Differential Effects of LPS and 6-OHDA on Microglia’s Morphology in Rats: Implications for Inflammatory Model of Parkinson’s Disease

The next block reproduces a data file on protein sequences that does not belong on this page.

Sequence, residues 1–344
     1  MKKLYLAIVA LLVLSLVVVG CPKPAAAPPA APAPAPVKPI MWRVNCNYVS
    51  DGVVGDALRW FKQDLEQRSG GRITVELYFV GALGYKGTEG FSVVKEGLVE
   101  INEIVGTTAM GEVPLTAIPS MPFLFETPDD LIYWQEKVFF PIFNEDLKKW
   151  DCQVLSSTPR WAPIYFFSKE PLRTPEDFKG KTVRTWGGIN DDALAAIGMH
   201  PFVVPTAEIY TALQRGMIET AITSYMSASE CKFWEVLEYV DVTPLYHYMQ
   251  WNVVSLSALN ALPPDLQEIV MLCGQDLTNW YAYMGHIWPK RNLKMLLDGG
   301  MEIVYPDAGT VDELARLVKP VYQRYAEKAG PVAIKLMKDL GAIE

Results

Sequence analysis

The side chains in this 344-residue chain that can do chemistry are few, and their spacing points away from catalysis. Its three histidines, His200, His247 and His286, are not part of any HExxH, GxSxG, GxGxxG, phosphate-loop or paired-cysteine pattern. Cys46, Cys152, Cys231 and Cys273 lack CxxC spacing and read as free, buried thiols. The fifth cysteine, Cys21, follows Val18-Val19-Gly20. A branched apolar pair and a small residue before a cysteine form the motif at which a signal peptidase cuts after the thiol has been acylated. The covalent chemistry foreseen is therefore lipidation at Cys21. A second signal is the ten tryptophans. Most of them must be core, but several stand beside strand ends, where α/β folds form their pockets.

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Parkinson’s disease (PD) is an idiopathic and progressive neurodegenerative disease characterized by the loss of ~ 80% of dopaminergic neurons in substantia nigra pars compacta (SNpc). Because activation of the innate cellular immune response, mediated by microglia, has been linked to the neurodegeneration in PD, in the present study, we evaluated the effects of lipopolysaccharide (LPS) and 6-hydroxydopamine (6-OHDA) on microglia’s morphology, reflective of their activity, as well as tyrosine hydroxylase (TH)-positive neurons in SNpc and motor behavior. Adult male Wistar rats were stereotactically injected with LPS or 6-OHDA into the left dorsolateral striatum. Control groups received appropriate vehicle. The morphological changes of microglial cells and neurotoxic effects were examined at 1, 7, and 14 post-injection days. Both LPS and 6-OHDA caused activation and morphological changes in microglial cells as well as loss of dopaminergic neurons in SNpc. These effects were maximal at 14 days post-injection where motor impairments were also evident. However, our findings indicate that 6-OHDA causes a low degree of microglia activation compared to LPS. Hence, it may be concluded that LPS model of PD might be a better representation of inflammatory involvement in this devastating disease.

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